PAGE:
6.1.4 Any intended non-conforming use for which a vested right was acquired prior to the adoption of this ordinance or the adoption of an amendment thereto shall be prohibited unless such is actually commenced within one year of the adoption of this ordinance or the adoption of an amendment thereto regardless of the intent or expectation to commence or abandon such non-conforminguse.[1]

(Hereinafter "Section 6.1.4"). Meanwhile, the zoning litigation continued and, in September 1994, the Bartow County Superior Court ruled in favor of Southern States, concluding that, in the absence of a valid zoning ordinance in existence at the time of its application to the EPD, Southern States acquired a vested right to obtain a certificate of the right to use its real property without county use restrictions. The September 1994 order, which was not appealed, concluded that Southern States has a vested right "in all the necessary certificates to be issued [by Bartow County] to get approval from the necessary agency to operate a landfill." Shortly after the September 1994 order, Bartow County issued a certificate of zoning compliance, and, over the course of the following 20 years, the county zoning administrator continued to issue certification letters confirming Southern States' vested right to use the property as a landfill. Eventually, in 2013, the EPD issued a solid-waste handling permit to Southern States, allowing the land to be developed into a landfill.

         In May 2013, Appellee Riverwood Farm Property Owners Association, Inc., a group of private property owners in unincorporated Bartow County, filed a complaint for declaratory judgment and injunctive relief alleging, inter alia, that the approved landfill violated Bartow County zoning ordinances. The trial court granted partial summary judgment in favor of Riverwood Farm, and Southern States appealed. See Southern States I, supra.[2] In that appeal, the Court of Appeals concluded, inter alia, that Southern States' vested right - which was recognized by the Bartow Superior Court in September 1994 - was acquired as of the date of its May 1989 application to the EPD and, further, that the vested right was governed by Section 6.1.4 as part of the 1993 zoning ordinance. Southern States I, 331 Ga.App. 883 (2). The Court of Appeals concluded that, under the plain language of Section 6.1.4, any vested right had lapsed after Southern States failed to commence the non-conforming use of its property within one year - or even within ten years - of the adoption of the zoning ordinance. Southern States I, 331 Ga.App. at 884-885. The Court of Appeals remanded the case to the trial court for it to consider Southern States' argument that Section 6.1.4 was unconstitutional.[3]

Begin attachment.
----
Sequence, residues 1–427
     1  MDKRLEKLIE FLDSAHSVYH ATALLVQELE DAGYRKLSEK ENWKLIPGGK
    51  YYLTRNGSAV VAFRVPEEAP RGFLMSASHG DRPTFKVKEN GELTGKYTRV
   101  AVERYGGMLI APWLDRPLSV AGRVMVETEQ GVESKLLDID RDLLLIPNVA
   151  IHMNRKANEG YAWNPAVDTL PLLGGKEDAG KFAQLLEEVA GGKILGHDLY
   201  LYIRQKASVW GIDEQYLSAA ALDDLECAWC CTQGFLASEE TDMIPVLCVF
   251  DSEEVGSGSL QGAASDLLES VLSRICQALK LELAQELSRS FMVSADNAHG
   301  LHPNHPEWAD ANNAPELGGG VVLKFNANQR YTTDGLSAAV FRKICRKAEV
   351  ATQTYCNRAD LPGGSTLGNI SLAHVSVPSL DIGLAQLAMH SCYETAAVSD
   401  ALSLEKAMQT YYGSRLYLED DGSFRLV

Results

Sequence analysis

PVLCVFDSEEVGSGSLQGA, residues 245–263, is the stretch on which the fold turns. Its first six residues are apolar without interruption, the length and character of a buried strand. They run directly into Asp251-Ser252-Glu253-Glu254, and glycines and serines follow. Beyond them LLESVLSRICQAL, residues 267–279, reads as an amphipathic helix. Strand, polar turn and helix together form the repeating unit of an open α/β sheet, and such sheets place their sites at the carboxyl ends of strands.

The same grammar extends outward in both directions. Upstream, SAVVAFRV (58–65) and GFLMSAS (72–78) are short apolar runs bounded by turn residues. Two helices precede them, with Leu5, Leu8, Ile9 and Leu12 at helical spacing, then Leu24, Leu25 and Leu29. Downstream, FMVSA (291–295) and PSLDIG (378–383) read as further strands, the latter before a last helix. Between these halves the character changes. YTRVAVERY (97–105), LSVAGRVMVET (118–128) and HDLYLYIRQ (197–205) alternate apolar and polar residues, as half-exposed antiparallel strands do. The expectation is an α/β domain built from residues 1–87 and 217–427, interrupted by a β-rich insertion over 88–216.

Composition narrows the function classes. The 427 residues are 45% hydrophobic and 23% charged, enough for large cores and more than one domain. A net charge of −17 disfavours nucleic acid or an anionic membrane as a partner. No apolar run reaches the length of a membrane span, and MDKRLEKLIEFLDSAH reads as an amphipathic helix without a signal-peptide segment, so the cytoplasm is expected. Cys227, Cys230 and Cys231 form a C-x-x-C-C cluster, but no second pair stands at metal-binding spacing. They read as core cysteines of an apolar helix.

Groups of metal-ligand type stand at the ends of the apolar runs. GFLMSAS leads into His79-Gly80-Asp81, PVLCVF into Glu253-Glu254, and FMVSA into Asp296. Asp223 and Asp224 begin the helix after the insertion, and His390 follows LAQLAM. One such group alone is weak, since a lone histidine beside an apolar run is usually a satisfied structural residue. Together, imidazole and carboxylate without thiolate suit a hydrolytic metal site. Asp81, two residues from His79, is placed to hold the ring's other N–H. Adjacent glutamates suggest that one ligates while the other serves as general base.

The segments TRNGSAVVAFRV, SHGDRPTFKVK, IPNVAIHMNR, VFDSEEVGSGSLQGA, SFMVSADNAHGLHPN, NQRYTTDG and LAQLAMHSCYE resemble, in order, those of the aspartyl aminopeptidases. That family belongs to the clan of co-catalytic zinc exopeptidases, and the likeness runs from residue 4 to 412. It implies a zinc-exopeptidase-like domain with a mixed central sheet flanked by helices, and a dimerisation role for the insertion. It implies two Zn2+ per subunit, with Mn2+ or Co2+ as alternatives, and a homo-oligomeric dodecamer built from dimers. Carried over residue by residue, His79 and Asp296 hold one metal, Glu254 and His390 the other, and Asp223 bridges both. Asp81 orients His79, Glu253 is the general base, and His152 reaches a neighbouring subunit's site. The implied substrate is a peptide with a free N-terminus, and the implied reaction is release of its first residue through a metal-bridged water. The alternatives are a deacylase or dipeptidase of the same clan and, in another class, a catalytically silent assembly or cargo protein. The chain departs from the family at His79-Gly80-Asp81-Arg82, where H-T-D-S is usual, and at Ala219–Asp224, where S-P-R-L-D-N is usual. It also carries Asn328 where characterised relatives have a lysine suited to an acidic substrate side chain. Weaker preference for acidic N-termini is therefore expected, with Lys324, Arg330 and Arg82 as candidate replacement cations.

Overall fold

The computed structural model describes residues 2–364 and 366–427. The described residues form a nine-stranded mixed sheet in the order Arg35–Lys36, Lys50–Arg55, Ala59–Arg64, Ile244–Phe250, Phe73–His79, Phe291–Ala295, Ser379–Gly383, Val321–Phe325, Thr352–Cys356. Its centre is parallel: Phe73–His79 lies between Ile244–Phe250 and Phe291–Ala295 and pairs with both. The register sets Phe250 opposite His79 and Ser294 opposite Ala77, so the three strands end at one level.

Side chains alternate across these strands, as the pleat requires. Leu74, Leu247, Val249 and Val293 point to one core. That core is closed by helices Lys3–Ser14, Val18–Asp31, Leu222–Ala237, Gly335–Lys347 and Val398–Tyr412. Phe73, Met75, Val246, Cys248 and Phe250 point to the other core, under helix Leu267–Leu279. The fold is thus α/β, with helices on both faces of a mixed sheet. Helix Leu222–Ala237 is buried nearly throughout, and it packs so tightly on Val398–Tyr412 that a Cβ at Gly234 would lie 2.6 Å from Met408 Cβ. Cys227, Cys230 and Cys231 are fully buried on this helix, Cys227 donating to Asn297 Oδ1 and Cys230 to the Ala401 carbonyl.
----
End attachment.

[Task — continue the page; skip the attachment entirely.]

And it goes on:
On remand, tasked with considering the constitutionality of Section 6.1.4, the trial court granted partial summary judgment in favor of Riverwood Farm, concluding that Southern States' as-applied challenge was unavailing in light of the fact that Southern States had not commenced the non-conforming use of its property for a decade after the enactment of the 1993 zoning ordinance. Southern States now appeals, asserting that the trial court erred when it found that Section 6.1.4 was not unconstitutional as applied. Our review of the trial court's grant of summary judgment is de novo. See Cowart v. Widener, 287 Ga. 622 (1) (a) (697 S.E.2d 779) (2010).